Jewish organizations laud White House plan to fight antisemitism

(RNS) — American Jewish leaders and organizations overwhelmingly praised the Biden administration’s new strategy for countering antisemitism unveiled Thursday (May 25).

The strategy, the first of its kind by an American president, involves collaboration among various federal agencies and nongovernmental partners to attempt to root out discrimination, harassment and violence against American Jews. It does not direct funding or require compliance by federal or state agencies.

In a videotaped announcement of the strategy, President Joe Biden said: “Silence is complicity. An attack on any one group of us is an attack on all of us.”

Deborah Lipstadt, special envoy to monitor and combat antisemitism, called the breadth of the strategy “breathtaking” and “historic” at the official launch.

Many major Jewish organization praised the plan, including the Conference of Presidents of Major American Jewish Organizations, the American Jewish Committee, the Anti-Defamation League, the American Jewish Congress, J Street, the National Council on Jewish Women and T’ruah, the rabbinic human rights organization.

Jonathan Greenblatt. Photo by Carl Cox, courtesy of ADL

Jonathan Greenblatt, chief executive of the Anti-Defamation League, said he was impressed by its comprehensiveness.

“Every commitment is concrete and the administration is holding itself accountable with deadlines — all within a year,” Greenblatt said.

He also said he appreciated that it called on nonfederal organizations and agencies to take action.

“It not only says what the administration will do, they’re calling on Congress to make commitments, businesses to step up, civil society to take action,” Greenblatt added. “That’s what we need. There’s no silver bullet that will stop antisemitism. It’s going to require all elements of society to work together and you see that in this plan.”

Antisemitism drove 63% of all religiously motivated hate crimes in the U.S., FBI Director Christopher Wray said last year. The Anti-Defamation League tabulated 3,697 antisemitic incidents in 2022, a 36% increase from the 2,717 incidents tabulated in 2021 and the highest number on record since ADL began tracking antisemitic incidents in 1979.

RELATED: Antisemitism spiked in 2022, but physical assaults were few, ADL reports

The new strategy was developed in consultation with some 1,000 federal and local officials, faith leaders and civil society groups and contains more than 100 recommendations.

Its first plank is to bolster education of Jewish American heritage. The strategy says the United States Holocaust Memorial Museum will launch a U.S.-based Holocaust Education Research Center in 2024 and the National Endowment for the Humanities will expand its investment in K-12 education about Jewish history.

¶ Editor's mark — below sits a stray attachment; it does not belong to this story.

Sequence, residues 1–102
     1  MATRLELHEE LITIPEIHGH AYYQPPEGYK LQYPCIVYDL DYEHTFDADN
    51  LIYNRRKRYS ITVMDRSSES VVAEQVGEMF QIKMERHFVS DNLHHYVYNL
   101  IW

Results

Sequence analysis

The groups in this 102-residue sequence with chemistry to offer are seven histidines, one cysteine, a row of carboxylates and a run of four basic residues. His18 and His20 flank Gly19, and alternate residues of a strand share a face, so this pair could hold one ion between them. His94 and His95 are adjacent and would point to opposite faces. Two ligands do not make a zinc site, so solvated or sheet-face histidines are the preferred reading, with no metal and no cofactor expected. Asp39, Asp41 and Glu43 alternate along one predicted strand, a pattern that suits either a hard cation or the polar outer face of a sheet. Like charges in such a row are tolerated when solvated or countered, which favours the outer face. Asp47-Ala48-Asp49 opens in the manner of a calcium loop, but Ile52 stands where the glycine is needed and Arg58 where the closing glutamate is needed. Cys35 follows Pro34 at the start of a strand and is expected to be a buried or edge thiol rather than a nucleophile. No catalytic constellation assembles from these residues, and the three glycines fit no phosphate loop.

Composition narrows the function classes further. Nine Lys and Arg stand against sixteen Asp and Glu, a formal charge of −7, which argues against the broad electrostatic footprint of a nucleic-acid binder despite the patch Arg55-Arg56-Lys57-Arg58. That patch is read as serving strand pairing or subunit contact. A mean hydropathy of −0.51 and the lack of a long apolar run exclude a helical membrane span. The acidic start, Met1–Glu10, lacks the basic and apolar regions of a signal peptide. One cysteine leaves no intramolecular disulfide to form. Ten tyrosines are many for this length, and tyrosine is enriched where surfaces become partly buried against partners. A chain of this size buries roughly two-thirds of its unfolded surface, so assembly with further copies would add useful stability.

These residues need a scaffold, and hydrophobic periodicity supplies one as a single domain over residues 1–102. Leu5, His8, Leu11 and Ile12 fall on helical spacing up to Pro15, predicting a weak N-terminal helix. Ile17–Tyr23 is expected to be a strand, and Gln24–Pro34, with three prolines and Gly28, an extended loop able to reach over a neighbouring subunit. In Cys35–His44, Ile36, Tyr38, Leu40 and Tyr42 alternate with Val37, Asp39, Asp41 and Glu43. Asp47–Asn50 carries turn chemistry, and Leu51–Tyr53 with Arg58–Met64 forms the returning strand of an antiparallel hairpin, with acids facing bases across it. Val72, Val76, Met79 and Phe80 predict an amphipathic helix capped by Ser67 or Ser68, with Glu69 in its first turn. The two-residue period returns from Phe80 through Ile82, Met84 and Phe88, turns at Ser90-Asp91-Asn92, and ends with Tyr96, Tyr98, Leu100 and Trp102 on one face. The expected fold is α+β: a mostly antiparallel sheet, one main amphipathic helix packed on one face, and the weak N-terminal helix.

The strategy’s second plank calls for improving security for Jewish American organizations. It asks Congress to fund a 2024 budget request of $360 million for the Department of Homeland Security’s Nonprofit Security Grant Program, which allows nonprofits and religious congregations to upgrade security of their buildings and grounds. The program is currently funded with $305 million.

It also calls for better data collection on antisemitism, including an interagency effort eliminating the impediments to reporting hate incidents. And it contains 10 separate directives to tech companies to establish a zero tolerance policy for hate speech on their platforms to ensure that their algorithms do not pass along hate speech and extreme content to users.

Second gentleman Doug Emhoff speaks during an unveiling of the Biden administration’s new strategy for countering antisemitism, Thursday, May 25, 2023. Video screen grab

Second gentleman Doug Emhoff speaks during an unveiling of the Biden administration’s new strategy for countering antisemitism, May 25, 2023. Video screen grab

“In sum, this plan will save lives,” second gentleman Doug Emhoff said at a White House event announcing the strategy.

Jewish organizations bickered among themselves for months over what definition of antisemitism the strategy might include, with some advocating that the strategy rely solely on the controversial International Holocaust Remembrance Alliance’s working definition of the term. Critics said the alliance’s definition has been used to quash legitimate criticism of Israel as antisemitic.

In the end, the strategy acknowledged multiple resources for defining antisemitism, even as it noted that the U.S. has embraced the IHRA definition.

The strategy also calls for multifaith strategies to combat antisemitism. The Council on American-Islamic Relations, a Muslim civil rights and advocacy organization, issued a statement saying it welcomes the White House strategy.

“We plan to continue working with our friends in the Jewish community to oppose the hate that threatens both of our communities, and we also look forward to the release of the White House’s strategic plans to confront other forms of bigotry, including Islamophobia,” CAIR National Deputy Director Edward Ahmed Mitchell said.

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